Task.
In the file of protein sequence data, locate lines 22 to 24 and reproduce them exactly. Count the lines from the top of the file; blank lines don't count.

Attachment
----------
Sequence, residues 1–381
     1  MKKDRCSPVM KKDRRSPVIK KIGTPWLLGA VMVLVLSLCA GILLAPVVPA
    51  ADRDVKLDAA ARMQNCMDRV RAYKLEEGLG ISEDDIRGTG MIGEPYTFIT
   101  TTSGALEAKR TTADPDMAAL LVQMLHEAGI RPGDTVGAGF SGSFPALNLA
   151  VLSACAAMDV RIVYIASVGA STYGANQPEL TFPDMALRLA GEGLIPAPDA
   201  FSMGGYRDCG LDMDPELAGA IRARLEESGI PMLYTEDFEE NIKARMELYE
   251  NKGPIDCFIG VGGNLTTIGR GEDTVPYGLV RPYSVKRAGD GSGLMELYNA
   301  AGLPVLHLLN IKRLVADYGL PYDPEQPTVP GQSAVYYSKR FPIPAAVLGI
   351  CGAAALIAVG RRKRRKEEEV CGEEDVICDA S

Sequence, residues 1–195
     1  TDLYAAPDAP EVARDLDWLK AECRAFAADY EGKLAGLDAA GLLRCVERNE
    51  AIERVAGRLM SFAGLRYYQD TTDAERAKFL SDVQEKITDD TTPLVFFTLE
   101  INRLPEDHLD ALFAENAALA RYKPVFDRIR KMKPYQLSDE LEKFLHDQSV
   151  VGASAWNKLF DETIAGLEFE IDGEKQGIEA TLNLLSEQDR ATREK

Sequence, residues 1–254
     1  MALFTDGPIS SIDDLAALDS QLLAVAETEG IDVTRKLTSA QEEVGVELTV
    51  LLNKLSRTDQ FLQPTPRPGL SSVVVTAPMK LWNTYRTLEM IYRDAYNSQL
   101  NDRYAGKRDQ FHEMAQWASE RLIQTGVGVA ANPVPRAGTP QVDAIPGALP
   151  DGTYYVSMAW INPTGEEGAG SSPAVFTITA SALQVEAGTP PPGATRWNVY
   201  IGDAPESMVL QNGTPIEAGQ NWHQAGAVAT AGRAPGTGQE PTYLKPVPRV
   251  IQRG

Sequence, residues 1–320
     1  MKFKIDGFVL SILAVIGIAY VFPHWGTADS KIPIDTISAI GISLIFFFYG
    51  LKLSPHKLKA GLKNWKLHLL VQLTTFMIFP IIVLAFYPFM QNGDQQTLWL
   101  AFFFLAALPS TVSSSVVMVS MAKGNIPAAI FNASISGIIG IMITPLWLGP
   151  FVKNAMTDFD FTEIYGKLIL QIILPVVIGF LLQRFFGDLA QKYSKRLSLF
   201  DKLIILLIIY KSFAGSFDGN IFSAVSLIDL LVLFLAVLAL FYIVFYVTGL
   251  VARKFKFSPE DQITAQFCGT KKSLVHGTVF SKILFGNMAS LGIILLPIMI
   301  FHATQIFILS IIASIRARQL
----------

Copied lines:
Sequence, residues 1–320
     1  MKFKIDGFVL SILAVIGIAY VFPHWGTADS KIPIDTISAI GISLIFFFYG
    51  LKLSPHKLKA GLKNWKLHLL VQLTTFMIFP IIVLAFYPFM QNGDQQTLWL